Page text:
Reading for War
Book Review | Moral Injury: Unseen Wounds in an Age of Barbarism, By Tom FrameBy Darren Cronshaw January 8, 2021
** A note from the Cove Team: Content within this article regarding mental health issues may be distressing to some people.
Physical wounds are visible and can usually be treated.
Other wounds impact the psyche and soul. These “unseen wounds” can be more difficult to identify and understand, their treatment is often more complex and longer-term, and their pain may take months or years to emerge. What is recently labelled “moral injury” is not new to soldiering. Soldiers throughout history have been put in situations where they act in ways that are inconsistent with their moral values, or witness such actions. But the dilemmas of contemporary warfare arguably make these resulting interior moral wounds more prevalent.
Professor Tom Frame brings his background as a Naval Officer and Anglican Bishop to the Defence Force to edit Moral Injury. He invites together the contributions of 18 military officers, historians, ethicists, chaplains and psychologists.
Chapters begin with historical perspectives from the experience of ‘shell shock’ and atrocity propaganda from WWI. Notably for example, in WWI soldiers had a slow boat home to decompress, but today a flight gets them home much more suddenly.
Among the most insightful and raw chapters are the personal perspectives of, firstly, LTGEN Mark Evans AO DSC discussing the command responsibility of safeguarding physical and mental, but also moral wellbeing in morally ambiguous circumstances. It includes the most inspiring sentence of the book, quoting a soldier in East Timor taking a morally courageous stand and thus declaring “Not on my watch. Not this time” (p,58). Secondly, an officer unpacks moral complexity and guilt-laden second-guessing around a mass casualty event they feel could have been avoided. Thirdly, Chaplain Haydn Swinbourn reflects on their experience of brutality in Bali, Baghdad and Timor Leste and a self-admitted vocational hollowness. Although a chaplain may have unique resilience resources, they can also be fragile and need their own healing.
Another section delves into philosophical/ethical perspectives, including the complexities of anti-terror and counter-insurgency, different therapeutic and philosophical approaches to moral injury, the place of self-forgiveness and spiritual cleansing, and the distinction of moral trauma versus moral degradation (as when a soldier should feel troubled but does not).
Although moral injury is not just about psychology, a fourth section helps practitioners to learn from psychological perspectives. These include debated definitions of moral injury, differentiating it from Post-Traumatic Stress Disorder, recognising the influences of inhumanity, injustice and moral culpability, and psychologists who themselves point towards the need for spiritual interventions alongside psychologically-informed therapy.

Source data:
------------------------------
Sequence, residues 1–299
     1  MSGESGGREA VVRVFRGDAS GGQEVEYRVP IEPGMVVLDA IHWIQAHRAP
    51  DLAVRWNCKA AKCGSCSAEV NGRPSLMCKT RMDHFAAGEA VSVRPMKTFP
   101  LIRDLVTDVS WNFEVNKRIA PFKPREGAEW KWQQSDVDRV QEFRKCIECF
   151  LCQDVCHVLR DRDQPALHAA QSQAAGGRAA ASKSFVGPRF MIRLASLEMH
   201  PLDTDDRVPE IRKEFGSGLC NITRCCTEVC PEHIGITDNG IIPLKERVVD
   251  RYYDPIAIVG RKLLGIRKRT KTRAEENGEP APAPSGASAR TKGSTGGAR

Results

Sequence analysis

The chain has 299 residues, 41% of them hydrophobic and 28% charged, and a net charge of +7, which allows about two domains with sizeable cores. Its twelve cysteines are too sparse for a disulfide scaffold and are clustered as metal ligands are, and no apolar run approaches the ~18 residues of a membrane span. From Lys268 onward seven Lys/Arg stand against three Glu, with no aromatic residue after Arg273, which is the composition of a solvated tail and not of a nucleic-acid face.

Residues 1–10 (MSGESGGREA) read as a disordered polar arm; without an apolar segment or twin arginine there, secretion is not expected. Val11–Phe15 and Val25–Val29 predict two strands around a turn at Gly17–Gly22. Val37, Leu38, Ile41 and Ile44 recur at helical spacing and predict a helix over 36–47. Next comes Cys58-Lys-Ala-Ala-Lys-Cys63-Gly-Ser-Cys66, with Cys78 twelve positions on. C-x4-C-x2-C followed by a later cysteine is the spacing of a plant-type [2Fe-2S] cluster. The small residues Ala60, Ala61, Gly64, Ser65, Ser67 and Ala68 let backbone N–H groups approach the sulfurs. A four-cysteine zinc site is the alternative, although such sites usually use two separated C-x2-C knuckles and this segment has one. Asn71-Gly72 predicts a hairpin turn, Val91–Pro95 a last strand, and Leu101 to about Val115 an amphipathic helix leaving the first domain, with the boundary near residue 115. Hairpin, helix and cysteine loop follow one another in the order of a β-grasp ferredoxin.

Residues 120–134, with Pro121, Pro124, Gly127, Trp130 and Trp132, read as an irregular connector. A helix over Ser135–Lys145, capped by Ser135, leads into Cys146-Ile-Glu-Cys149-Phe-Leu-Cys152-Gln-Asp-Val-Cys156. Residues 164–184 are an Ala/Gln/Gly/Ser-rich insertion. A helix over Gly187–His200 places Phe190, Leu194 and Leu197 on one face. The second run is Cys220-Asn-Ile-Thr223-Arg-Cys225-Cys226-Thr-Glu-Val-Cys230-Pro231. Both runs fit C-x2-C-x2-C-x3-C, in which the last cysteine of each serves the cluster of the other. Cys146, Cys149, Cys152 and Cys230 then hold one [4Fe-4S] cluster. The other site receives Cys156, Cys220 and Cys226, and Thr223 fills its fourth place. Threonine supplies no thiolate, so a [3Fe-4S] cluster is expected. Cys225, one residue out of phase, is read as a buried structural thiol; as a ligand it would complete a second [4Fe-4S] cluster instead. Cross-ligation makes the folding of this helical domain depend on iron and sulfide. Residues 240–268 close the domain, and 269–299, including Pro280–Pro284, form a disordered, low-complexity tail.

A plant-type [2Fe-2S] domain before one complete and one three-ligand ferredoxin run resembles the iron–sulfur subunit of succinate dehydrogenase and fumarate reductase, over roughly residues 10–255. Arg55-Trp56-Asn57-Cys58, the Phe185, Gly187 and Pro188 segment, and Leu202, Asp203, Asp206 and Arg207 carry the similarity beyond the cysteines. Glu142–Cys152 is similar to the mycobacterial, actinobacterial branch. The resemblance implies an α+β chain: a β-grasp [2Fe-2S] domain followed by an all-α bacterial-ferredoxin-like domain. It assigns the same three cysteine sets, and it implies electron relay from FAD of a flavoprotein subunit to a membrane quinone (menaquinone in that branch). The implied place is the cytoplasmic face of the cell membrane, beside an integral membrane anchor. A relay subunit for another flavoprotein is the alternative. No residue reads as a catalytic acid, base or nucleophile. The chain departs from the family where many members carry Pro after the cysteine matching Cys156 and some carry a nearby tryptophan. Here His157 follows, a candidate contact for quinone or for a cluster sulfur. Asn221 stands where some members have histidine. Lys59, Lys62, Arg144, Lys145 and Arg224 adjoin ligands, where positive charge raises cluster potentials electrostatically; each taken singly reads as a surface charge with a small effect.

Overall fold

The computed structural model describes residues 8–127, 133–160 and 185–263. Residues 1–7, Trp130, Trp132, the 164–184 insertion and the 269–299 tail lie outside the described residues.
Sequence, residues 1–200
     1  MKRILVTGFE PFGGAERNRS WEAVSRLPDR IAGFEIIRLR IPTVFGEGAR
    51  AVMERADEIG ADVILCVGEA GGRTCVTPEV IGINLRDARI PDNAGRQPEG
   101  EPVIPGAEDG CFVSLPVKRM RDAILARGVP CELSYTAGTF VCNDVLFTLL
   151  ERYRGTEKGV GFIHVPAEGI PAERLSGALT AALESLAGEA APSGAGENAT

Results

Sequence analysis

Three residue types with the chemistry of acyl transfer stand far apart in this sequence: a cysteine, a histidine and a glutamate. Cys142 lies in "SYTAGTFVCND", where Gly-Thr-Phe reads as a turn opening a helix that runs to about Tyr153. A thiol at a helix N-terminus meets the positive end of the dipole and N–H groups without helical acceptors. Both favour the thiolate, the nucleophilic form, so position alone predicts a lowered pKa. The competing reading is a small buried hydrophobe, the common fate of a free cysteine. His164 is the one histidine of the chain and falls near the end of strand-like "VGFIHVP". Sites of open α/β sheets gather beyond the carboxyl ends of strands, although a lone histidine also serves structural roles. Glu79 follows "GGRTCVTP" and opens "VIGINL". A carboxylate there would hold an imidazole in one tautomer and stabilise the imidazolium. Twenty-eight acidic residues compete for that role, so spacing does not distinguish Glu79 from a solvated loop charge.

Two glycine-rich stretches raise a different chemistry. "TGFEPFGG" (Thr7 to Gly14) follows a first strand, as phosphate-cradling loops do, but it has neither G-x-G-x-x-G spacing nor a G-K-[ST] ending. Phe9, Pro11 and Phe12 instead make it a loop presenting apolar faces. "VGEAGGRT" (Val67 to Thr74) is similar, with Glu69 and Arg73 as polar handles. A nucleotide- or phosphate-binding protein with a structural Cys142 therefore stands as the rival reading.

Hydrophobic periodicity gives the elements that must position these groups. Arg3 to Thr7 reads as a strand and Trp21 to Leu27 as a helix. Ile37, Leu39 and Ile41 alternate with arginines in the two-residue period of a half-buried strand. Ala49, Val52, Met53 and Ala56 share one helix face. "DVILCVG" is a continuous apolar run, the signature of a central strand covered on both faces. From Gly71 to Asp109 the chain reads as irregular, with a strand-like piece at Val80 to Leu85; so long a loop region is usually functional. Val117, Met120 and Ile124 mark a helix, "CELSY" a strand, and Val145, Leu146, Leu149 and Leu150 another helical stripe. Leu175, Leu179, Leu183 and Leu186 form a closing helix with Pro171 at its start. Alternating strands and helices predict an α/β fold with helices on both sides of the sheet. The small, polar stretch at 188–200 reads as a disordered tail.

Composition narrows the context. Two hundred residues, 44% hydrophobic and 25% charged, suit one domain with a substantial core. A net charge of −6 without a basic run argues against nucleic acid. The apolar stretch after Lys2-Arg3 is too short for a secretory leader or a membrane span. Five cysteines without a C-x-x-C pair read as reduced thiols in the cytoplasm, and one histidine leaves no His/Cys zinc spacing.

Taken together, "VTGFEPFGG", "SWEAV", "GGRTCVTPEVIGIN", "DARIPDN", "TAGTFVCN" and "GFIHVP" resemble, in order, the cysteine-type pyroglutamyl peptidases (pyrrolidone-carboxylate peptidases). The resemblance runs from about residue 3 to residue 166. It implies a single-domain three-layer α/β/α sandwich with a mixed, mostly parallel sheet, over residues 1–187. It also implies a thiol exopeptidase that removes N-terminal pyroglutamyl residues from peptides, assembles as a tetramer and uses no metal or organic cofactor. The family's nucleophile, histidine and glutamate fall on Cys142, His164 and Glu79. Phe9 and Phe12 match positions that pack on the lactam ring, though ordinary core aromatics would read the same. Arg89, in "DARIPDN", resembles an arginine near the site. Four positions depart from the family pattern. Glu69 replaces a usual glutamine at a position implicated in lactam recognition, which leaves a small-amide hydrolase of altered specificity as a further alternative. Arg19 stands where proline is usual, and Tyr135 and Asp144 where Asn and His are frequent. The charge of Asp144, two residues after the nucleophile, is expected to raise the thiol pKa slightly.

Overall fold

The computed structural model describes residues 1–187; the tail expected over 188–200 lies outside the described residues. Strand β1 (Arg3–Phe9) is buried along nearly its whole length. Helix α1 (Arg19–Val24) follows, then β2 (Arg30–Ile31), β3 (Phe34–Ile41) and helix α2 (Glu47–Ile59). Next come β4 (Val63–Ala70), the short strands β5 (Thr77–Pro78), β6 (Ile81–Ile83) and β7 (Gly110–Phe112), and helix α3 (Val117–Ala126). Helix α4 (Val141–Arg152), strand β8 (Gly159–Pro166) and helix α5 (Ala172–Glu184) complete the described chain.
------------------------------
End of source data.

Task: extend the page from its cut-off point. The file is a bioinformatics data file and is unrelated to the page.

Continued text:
The most comprehensive chapter is the first of the practical perspectives offered by Rob Sutherland “Is moral injury the answer?” As a chaplain, he draws attention to the need for attentiveness to worldview, meaning and resources for dealing with guilt, betrayal and abuse. He unpacks challenging historical and contemporary experiences of moral injury, including responding to the soldier who said to him, “Padre, I’m seeing my psychiatrist and psychologist and doctor, I’m taking all the pills they give me and I’m doing their programs, why do I still want to kill myself?” (p.191) The second practical chapter is from another chaplain, who is also an ethicist, Nikki Coleman. She advocates for inviting the contribution of ethicists and chaplains alongside psychologists, reintegrating holistic treatment including ritual and ceremonies, and utilising local church support alongside other support services.
The volume concludes with two religious perspectives – first from Sarah Gibson who presents chaplains as subject matter experts of the inner life, and moral injury as a state of the heart and spirit – not just a mental health issue. Finally, Tom Frame explains how Christian morality shapes soldiers whether or not they are people of faith, and underlines the importance of character training and asking the existential questions around “what is it all for?”
I appreciated three distinctive strengths that make this book stand out as a valuable resource amongst the growing literature on moral injury. Firstly, there is a lot of conversation about moral injury in North American and other contexts, but this is a uniquely Australian contribution by and about Australian military members and those who support them. Secondly, there is a whole broad discussion spanning a number of years about the definition of moral injury, whereas this book focuses more on understanding the experience and pointing towards effective treatment methods. Thirdly, most literature is psychology-dominated, but this collaborative work appeals for and models a multi-disciplinary approach, including paying attention to the reality of spiritual wounds.
The gathering where these chapters were presented and the resulting edited book were one of the initial steps in a larger-scale developing research project into moral injury that Tom Frame was catalysing. More work is needed in developing and evaluating models for holistic support, including the unique contribution of chaplains. Moral Injury: Unseen Wounds in an Age of Barbarism is foundational reading for all chaplains and other military professionals interested in understanding and healing moral injury, or even better helping to avoid it in the first place.
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This review was originally published in Australian Army Chaplaincy Journal (2020), pp.109-110; available from http://drnet.defence.gov.au/Army/DGCHAPA/Pages/Home.aspx
The book’s publisher details are Sydney: UNSW Press, 2015.